17 Nov 2016

Wabi Sabi

Having recently taken Andrew Juniper's book out of the library 'Wabi Sabi, The Japanese Art of Impermanence'. I am wondering why I haven't come across the term wabi sabi before. 'The term wabi sabi suggests such qualities as impermanence, humility, asymmetry and imperfection. These underlying principles are diametrically opposed to those of their Western counterparts, whose values are rooted in a Hellenic worldview that values permanence, grandeur, symmetry and perfection'. (Juniper, p.2). The idea that Western values are linked to that of perfection, which is unachievable, a goal that can never truly be fulfilled and is ultimately a cycle of frustration and deflation. 

These ideas make me think of my own practice and the materials I might use and what is used in wabi sabi art. Wabi sabi art is often made from natural materials. Natural materials change with time and react to their environments and are asymmetric, imperfect and impermanent. Some materials such as glass and plastic are built to withstand the tests of time. I am wondering if we expect less of natural materials in terms in terms of aging? If I had a glass table and a wooden one and I chipped them both, I think the wooden one would still be functional as you almost expect wood to chip and you could sand it and it might not look so bad. Whereas, the glass one would be sharp and potentially dangerous and need replacing. Making wood 'the less durable material' more sustainable in a number of ways.  Could this theory regarding natural materials be applied to designed objects and artefacts to make them more sustainable? Would we be less frustrated with our objects if we knew in which way they reacted over time and if it was expected of them? Rather than throwing something away everytime it shown signs of aging.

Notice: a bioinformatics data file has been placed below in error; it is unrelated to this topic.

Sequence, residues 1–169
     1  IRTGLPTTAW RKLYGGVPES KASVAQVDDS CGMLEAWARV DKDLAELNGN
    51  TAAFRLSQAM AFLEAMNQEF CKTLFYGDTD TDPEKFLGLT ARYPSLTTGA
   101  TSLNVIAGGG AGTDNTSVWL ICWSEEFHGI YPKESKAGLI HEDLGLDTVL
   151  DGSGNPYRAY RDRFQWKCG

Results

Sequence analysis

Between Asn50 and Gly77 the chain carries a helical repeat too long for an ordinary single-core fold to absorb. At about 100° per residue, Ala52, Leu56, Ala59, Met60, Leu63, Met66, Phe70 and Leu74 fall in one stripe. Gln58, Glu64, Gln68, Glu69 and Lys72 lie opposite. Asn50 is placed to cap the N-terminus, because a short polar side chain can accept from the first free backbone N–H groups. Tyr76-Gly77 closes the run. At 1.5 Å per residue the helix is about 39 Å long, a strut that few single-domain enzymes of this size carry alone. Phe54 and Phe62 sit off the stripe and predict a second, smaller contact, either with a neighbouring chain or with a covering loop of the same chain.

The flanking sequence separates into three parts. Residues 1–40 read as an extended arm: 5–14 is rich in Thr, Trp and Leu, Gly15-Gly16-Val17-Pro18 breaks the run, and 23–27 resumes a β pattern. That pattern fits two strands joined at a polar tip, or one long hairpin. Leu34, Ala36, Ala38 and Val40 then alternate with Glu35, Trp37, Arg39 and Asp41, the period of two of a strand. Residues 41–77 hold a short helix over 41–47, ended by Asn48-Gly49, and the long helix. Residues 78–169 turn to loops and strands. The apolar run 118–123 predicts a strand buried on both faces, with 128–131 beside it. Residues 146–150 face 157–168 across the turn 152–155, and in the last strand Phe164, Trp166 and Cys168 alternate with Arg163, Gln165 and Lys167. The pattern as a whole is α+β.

Simply Imperfect: Revisiting the Wabi-Sabi House with alabama chanin:

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